The Partners

Kwa Muhia Environmental Group (KMEG)

A group of residents wanted to help find a solution to the problems in the village and so, in 2011, formed the Kwa Muhia Environmental Group (KMEG). The Group is comprised of both male and female community members with an interest in reforming poor waste management practices. Importantly, all of the committee members are plot-owners (representing roughly 1% of the Kwa Muhia community), which has implications as discussed later. Nevertheless, KMEG is a well-structured organisation, headed by Duncan Oloo (Chairman) with an elected Secretary, Treasurer and Member for Gender Diversity. Their ethos: to encourage social inclusion and a more sustainable lifestyle. Their aim: to become a model “green village” and to set an example for other communities – across the developing world – to follow.

WasteAid UK

WasteAid UK is an independent, UK registered charity (1160263) created in January 2015 with 3 objectives:

  • To deliver improved health, environmental and livelihood outcomes in those communities that receive no formal waste collection or disposal
  • To raise awareness of the problems caused by lack of decent solid waste management
To share ideas and good practice between those organisations and waste managers that are addressing these challenges.
  • Waste Aid have experience in working with partners in West Africa to help communities in The Gambia and Senegal address their waste emergency. They also work on projects in India and Cambodia.

The Proposal & Arkleton Trust Involvement

The Kwa Muhia Environmental Group were seeking funding from the Arkleton Trust to enable an experienced waste management professional to visit Kwa Muhia and advise on the scaling-up of a sustainable waste management strategy within the community.

Previously, in the summer of 2015 the Arkleton Trust helped finance a study, undertaken by members of the Kwa Muhia Environmental Group, to measure the quantity and composition of waste produced in the village of Kamere. With this data now at hand, the Group have succeeded in bringing the project up to a point where detailed technical knowledge is needed to advise on the most efficient and feasible waste management strategy for the village.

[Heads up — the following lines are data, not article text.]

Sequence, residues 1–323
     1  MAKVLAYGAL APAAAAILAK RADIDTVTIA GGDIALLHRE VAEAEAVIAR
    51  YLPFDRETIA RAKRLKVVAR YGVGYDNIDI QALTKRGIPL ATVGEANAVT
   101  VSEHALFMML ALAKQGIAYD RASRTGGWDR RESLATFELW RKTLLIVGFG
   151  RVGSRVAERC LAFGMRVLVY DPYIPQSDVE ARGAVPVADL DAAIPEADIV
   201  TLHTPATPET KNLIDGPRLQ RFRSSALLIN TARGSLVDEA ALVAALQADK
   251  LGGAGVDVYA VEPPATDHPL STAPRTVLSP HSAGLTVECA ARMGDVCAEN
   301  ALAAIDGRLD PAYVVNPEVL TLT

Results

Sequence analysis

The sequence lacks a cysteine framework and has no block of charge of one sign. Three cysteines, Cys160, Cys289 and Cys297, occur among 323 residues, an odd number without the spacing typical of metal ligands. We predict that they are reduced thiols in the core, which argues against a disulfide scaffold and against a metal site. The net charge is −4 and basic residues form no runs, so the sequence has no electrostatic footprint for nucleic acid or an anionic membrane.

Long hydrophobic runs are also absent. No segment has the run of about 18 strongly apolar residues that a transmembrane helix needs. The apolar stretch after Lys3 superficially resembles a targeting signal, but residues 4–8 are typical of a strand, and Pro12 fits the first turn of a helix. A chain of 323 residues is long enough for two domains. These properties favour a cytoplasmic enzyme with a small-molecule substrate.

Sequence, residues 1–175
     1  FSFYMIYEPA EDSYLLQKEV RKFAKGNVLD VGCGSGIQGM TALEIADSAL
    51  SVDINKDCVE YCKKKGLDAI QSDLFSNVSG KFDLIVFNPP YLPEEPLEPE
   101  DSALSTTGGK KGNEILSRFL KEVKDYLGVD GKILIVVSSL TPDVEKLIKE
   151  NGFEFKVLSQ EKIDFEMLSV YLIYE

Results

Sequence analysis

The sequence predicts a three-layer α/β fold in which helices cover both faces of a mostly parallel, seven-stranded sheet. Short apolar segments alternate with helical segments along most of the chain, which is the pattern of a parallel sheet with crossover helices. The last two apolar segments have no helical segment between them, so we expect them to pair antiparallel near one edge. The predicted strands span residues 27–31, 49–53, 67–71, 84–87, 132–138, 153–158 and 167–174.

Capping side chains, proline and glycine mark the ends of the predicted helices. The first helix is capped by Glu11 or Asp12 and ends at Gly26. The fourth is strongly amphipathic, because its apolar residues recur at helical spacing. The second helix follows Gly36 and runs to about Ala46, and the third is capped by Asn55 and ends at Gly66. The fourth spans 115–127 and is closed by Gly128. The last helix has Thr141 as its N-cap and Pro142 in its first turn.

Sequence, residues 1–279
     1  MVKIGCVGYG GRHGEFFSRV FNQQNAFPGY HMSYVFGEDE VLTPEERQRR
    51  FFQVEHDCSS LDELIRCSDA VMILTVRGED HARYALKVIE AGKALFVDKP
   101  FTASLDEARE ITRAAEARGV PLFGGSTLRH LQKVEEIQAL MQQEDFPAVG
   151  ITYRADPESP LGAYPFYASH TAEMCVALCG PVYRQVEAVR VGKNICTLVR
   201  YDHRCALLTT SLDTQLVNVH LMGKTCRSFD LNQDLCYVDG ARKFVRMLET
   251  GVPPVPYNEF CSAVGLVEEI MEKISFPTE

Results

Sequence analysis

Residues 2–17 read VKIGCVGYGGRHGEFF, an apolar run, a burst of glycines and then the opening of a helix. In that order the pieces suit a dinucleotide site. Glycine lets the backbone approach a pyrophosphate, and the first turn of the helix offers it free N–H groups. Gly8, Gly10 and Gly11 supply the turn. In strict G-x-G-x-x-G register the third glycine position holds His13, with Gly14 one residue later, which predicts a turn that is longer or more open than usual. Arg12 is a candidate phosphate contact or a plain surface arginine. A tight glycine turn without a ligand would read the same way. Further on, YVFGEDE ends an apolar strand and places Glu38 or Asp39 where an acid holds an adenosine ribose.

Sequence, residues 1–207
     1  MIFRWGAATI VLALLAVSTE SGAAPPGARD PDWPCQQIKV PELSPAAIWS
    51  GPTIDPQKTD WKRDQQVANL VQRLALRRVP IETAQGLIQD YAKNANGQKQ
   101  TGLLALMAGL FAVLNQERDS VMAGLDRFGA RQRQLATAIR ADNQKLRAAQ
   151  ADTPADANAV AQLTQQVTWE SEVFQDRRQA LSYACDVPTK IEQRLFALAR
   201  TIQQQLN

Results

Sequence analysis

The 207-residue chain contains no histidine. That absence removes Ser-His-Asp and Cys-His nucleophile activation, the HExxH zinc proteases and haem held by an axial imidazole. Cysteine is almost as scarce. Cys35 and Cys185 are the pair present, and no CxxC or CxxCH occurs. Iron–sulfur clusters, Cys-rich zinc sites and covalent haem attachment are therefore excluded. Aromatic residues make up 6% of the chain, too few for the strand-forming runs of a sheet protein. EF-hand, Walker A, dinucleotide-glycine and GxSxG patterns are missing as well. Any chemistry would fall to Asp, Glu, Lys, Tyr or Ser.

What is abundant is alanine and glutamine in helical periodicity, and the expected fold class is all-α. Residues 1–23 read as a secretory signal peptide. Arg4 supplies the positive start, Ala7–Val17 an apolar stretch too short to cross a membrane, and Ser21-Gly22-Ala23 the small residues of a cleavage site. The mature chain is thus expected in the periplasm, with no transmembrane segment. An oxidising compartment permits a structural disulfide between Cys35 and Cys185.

The funds acquired from the Arkleton Trust paid for WasteAid consultant Mike Webster to visit Kwa Muhia and Kamere for eight days at the end of February 2016. To provide a conclusive assessment it was essential that Mike was able to gain a holistic insight into the nature of the issues that the village is facing, taking into account geographical, socio-economic and political complexities. With this in mind, it was essential that Mike visited Kwa Muhia instead of providing consultancy services from a distance. Mike possesses expert knowledge and a wealth of relevant experience that will be invaluable in moving the project forward. Whilst in Kwa Muhia Mike lead workshops with local stakeholders, and also produced a written strategy framework and implementation workplan to help ensure that momentum established during the week was maintained. Specifically, Mike undertook:

  • A rapid assessment of current waste management situation, visual audit, interviews with government and other non-governmental actors;
  • A train-the-trainer workshop for the Group leaders. This addressed the environmental and public health impacts of waste; basic approaches and principles for better management; introduction to setting up a recycling business;
  • A written report with recommendations towards: Identifying waste streams that can be diverted from disposal, with a view to 
maximise diversion from the residual waste stream and maximising livelihood 
Improving management of residual waste to reduce local environmental and 
public health impact;
  • A work-plan framework for future action, focusing on ensuring practical and financial 
sustainability of a waste collection reprocessing operation.

Full report